July 16, 2009
By Tim Simard
During a rare sunny and warm spell on Monday, dairy farmer Waldo Siple Jr. looked to the skies while working on his 318-acre dairy farm.
“We could use more weather like this,” Siple said.
Unfortunately, the “weather like this” disappeared later in the day. Skies clouded over, temperatures dropped and rain fell in the early evening. In what’s proving to be an atypical summer season, the Northeast has been stuck in a rainy and cool rut that shows little sign of changing.
For some farmers and growers in Williston, the wet and cool weather is making life difficult.
Siple, who operates his dairy farm on South Road, wants to cut his fields for hay and feed for his cows soon. But wet conditions are delaying his work. And less feed slows down milk production, which begins to affect the bottom line.
Last year was also a rainy summer, but Siple was able to work around a lot of the wet weather, which often came in the form of heavy afternoon showers and thunderstorms. Siple said he was able to complete four cuts last year, which is normal for any growing season.
But this year he estimates he’ll be down to three cuts, thanks in part to the soaking rains of late June and July, which have kept his farmland consistently wet.
“The farm is a wet farm, anyways,” Siple said. “We don’t need a lot of rain to make it muddy.”
Rainfall, much like last summer, is above normal. The National Weather Service in Burlington measured June’s precipitation total at 5.25 inches — more than 1.5 inches above normal. Last year’s June totals are nearly the same as this year’s.
The rainfall for July is currently at nearly 2 inches. At this rate, precipitation could be above average, but below last year’s 7 inches, according to the National Weather Service.
Temperatures this summer, which have rarely hit 80 degrees, have been more akin to the weather of spring or fall. Some locations in Vermont experienced near record lows Tuesday evening, when temperatures dipped into the upper 30s.
While gardeners and growers haven’t struggled with watering their crops and gardens, they have worried about vegetables that need sunshine and heat to thrive.
Greg Beliveau of Goose Creek Farm in St. George said most of his crops are behind their normal seasonal schedule. Goose Creek is also a Community Supported Agriculture farm, meaning families buy shares at the beginning of the summer and pick up their vegetables on a weekly basis.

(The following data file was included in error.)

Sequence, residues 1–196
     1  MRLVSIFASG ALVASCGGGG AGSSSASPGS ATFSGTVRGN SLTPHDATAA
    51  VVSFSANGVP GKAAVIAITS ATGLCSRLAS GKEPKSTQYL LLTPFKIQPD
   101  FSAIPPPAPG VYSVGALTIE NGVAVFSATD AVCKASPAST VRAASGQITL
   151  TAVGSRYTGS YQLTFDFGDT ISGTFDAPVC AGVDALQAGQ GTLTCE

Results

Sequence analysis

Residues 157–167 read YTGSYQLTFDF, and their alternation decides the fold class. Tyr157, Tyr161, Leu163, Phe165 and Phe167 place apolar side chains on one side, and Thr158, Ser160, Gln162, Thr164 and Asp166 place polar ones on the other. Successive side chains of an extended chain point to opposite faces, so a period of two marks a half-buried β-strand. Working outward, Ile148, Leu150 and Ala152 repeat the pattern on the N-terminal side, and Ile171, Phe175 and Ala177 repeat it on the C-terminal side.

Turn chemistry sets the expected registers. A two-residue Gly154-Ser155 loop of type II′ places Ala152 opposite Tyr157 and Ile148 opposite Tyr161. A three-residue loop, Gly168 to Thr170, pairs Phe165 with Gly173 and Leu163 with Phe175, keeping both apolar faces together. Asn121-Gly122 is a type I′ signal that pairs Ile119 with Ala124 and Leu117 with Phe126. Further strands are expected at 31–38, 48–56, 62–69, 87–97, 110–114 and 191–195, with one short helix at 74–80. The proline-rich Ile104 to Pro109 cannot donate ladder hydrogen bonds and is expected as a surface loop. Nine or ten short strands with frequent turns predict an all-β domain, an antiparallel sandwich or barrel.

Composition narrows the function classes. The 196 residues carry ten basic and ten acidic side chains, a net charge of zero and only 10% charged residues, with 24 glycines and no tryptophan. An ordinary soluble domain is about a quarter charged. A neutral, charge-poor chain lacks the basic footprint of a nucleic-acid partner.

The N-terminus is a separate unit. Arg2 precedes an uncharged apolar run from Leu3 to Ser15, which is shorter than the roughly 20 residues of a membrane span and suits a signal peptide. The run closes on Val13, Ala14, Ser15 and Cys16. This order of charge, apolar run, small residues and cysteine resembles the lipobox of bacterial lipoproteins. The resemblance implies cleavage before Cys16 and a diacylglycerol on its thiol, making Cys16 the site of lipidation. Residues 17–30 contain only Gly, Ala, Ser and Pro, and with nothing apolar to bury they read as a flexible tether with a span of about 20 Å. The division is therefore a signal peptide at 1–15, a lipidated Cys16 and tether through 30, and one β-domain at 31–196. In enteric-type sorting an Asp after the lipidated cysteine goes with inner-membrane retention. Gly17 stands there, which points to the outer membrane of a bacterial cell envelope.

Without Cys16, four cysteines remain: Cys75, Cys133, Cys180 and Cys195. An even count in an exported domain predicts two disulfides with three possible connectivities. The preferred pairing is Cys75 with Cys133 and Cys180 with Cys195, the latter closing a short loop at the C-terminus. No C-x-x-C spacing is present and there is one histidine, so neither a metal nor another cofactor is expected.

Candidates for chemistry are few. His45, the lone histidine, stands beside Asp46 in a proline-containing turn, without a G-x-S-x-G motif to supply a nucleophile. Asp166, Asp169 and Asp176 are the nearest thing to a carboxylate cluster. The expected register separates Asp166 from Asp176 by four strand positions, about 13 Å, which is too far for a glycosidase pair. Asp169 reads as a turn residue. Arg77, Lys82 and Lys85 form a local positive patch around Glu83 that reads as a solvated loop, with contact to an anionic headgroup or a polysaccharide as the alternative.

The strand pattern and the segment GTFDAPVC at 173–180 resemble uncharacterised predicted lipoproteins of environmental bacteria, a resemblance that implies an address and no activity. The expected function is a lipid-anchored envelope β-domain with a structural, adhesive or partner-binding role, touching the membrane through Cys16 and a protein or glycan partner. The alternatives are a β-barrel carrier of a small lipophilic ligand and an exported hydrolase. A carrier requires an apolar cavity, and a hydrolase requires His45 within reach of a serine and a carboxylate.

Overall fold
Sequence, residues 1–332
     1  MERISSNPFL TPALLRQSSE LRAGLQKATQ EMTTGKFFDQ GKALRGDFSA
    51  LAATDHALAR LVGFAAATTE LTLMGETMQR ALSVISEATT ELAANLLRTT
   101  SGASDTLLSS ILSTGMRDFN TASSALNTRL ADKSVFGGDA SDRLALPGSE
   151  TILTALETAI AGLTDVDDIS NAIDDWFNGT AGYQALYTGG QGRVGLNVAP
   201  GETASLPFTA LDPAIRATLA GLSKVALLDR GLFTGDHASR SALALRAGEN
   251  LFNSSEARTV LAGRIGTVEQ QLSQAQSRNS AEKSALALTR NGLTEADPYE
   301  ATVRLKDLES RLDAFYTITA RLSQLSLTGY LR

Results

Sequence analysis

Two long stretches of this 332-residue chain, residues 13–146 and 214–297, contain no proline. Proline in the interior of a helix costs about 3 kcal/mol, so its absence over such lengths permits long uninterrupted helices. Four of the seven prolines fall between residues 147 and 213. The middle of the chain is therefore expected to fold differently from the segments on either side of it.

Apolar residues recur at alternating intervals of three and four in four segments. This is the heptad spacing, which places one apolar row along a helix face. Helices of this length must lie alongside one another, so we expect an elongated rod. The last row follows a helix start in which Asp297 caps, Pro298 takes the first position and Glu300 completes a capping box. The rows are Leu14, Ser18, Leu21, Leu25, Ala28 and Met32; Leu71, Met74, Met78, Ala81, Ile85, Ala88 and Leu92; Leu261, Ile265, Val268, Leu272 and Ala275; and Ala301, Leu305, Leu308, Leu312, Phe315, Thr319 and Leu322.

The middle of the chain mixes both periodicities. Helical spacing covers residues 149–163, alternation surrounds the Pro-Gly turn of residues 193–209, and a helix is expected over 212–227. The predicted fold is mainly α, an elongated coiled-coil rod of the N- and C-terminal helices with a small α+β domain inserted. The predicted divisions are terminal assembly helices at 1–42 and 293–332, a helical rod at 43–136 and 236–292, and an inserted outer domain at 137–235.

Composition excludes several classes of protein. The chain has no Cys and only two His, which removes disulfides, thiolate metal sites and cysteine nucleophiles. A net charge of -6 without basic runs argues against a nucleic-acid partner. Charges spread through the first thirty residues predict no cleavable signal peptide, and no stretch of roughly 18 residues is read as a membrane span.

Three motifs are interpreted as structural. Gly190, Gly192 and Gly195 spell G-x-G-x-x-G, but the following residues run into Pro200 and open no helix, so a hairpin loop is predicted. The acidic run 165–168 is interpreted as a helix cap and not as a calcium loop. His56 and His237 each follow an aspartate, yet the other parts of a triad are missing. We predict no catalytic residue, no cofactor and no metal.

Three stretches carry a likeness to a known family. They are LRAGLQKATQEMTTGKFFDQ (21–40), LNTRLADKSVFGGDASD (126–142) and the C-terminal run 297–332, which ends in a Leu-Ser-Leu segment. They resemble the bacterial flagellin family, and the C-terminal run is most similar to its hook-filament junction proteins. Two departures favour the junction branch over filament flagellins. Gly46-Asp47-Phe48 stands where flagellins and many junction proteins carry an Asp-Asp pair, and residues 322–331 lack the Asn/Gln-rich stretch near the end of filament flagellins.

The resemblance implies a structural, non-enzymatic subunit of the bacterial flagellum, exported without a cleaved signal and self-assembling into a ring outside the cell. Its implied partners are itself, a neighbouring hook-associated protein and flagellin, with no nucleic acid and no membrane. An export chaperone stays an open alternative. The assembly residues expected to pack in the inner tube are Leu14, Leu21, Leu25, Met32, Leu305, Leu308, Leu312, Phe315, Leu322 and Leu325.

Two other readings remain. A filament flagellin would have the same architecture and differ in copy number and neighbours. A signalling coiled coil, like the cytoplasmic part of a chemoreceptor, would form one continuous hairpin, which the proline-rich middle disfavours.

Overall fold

Beliveau hopes summer will turn itself around and everything will return to a normal schedule.
“Some of our crops need a certain amount of heat and we’re just not getting it,” Beliveau said.
The lack of consistent summer weather means his farm isn’t generating the cash flow of previous seasons.
“It’s definitely affecting finances, but we’ll march on,” Beliveau said.
At Paquette Full of Posies Nursery in Williston, the weather has proved to be a “mixed blessing.” Flowers and plants are growing well in the greenhouses, said co-owner Ron Paquette.
“Once they get outside, it’s a hard time for them to get by,” Paquette said.
On the bright side, Paquette said his perennials and shrubs are growing in abundance with the wet weather.
“It’s a little give-or-take in this business,” he said.
Still, his crop of mums is a little behind and could use some summer warmth. Paquette noted that last summer was equally rainy, but temperatures hovered in the 80s and sometimes low 90s — perfect mum growing weather.
“They’re looking OK, but they need the heat to get them to a size we want them to be,” Paquette said.
Master Gardener June Jones, who has a plot at the Williston Community Garden in Brennan Woods, said this summer hasn’t been too bad. She credits the garden’s sandy soil for allowing the rains to filter through and not puddle among the plants.
“One thing we haven’t had to do is water the garden,” Jones said.
For the most part, all the vegetables are on schedule and she planned to pick zucchini this week. Only the peppers, which need higher temperatures, were struggling.
Most agree there’s not much one can do about the weather, except to hope and pray that summer actually makes more than just a few token appearances.
“It’s kind of hard to predict Mother Nature,” Siple said.